Bernie Sanders' supporters will have Deborah Wasserman Schultz's head on a platter but their candidate won't win the Democratic Party's presidential nomination. For America's sake, they need to accept this.

The release of hacked Democratic National Committee emails revealed what had long been assumed — that DNC chair Schultz and top committee officials had abandoned traditional objectivity to back Hillary Clinton in her battle with Senator Sanders. Ms. Schultz will remain invisible for the rest of the convention and then depart as chair.

That is as it should be, but there is nothing in the emails to indicate that the Clinton partisans swung the election in her favor. Ms. Clinton won the nomination because she collected the most votes and the most delegates.

Senator Sanders' supporters, many of them young and involved in their first campaign, have brought passion and idealism to the election, but in recent weeks they have demonstrated an unappealing sense of entitlement. The proposals of Ms. Clinton won out over those of Mr. Sanders, and as the Vermonter observed in his speech endorsing Ms. Clinton Monday night, "That is what democracy is about." It's painful, as Ms. Clinton's backers discovered eight years ago, but it is necessary to accept that reality and move on for the greater good of the nation.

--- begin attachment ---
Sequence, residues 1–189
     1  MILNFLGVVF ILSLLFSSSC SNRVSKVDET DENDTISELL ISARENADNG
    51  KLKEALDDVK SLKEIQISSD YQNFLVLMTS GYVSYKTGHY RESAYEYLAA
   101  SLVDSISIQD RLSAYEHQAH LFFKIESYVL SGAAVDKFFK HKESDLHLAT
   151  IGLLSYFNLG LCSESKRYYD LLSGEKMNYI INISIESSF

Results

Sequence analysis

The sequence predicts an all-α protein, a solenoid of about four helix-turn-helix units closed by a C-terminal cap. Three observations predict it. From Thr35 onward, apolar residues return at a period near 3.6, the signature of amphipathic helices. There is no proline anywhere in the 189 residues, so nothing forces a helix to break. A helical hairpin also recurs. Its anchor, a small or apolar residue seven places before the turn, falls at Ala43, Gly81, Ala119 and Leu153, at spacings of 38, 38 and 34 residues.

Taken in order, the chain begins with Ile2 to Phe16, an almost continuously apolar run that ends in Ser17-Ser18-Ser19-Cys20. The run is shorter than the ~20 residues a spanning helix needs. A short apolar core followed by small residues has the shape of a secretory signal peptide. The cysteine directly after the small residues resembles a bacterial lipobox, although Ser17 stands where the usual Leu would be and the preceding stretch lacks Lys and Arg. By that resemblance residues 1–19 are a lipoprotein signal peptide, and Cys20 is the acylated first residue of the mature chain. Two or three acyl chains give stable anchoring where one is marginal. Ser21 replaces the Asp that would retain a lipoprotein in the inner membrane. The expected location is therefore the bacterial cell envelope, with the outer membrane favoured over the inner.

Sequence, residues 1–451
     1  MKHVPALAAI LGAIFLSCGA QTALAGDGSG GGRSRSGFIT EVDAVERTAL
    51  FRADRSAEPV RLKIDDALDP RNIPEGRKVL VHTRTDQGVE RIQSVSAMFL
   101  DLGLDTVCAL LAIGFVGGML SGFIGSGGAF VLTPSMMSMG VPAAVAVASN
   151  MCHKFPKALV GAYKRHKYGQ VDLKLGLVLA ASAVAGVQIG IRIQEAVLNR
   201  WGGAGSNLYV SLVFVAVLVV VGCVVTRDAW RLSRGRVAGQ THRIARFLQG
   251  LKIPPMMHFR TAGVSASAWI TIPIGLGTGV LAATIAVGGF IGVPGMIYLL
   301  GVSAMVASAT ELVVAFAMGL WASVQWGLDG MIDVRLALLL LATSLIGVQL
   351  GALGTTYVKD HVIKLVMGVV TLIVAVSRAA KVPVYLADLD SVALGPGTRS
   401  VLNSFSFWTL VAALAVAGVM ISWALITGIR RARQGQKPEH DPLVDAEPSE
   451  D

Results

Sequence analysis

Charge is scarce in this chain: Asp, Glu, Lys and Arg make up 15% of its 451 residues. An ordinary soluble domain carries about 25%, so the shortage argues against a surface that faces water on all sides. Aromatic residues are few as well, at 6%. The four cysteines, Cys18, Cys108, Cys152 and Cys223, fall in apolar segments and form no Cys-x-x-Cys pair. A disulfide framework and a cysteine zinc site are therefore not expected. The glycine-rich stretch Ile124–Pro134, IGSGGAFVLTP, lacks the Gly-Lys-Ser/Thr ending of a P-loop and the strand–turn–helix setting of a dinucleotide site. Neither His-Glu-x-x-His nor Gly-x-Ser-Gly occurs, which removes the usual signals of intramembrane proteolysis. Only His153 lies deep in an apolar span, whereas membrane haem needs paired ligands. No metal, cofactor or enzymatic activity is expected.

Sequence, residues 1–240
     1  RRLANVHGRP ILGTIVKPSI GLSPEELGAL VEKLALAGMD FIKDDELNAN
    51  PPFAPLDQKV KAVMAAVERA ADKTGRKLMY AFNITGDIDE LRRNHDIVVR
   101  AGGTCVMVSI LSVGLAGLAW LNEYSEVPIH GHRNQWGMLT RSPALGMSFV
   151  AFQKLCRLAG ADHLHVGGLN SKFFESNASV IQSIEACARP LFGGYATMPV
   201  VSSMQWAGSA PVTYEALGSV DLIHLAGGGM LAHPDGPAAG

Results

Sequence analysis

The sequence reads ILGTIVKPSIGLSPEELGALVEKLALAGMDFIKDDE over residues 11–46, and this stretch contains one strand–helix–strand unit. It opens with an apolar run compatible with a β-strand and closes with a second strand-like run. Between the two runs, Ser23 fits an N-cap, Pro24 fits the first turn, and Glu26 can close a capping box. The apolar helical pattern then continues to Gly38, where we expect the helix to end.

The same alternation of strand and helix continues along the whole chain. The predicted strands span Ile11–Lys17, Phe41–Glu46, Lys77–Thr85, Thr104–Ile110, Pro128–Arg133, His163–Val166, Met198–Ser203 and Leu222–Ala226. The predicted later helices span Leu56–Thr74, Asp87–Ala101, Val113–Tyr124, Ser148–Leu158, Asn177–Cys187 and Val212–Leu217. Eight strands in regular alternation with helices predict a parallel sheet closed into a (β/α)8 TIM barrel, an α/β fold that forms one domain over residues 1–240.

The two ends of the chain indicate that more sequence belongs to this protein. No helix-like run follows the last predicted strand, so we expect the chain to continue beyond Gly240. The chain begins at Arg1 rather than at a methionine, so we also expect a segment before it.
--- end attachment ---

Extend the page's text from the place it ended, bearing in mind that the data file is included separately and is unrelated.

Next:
Comedian Sarah Silverman, a Sanders supporter who endorsed Ms. Clinton on Monday night in Philadelphia, responded to noisy protests by telling the "Bernie or bust" people, "You're being ridiculous." That was another painful truth.


Are Sanders backers going to sit home this fall, which the senator warned them against Monday night, or vote for a Republican nominee whose beliefs are antithetical to everything Senator Sanders stands for? If so, and if Donald Trump becomes president, that should weigh heavily on their consciences for the next four years as the new chief executive takes the nation down a dark path.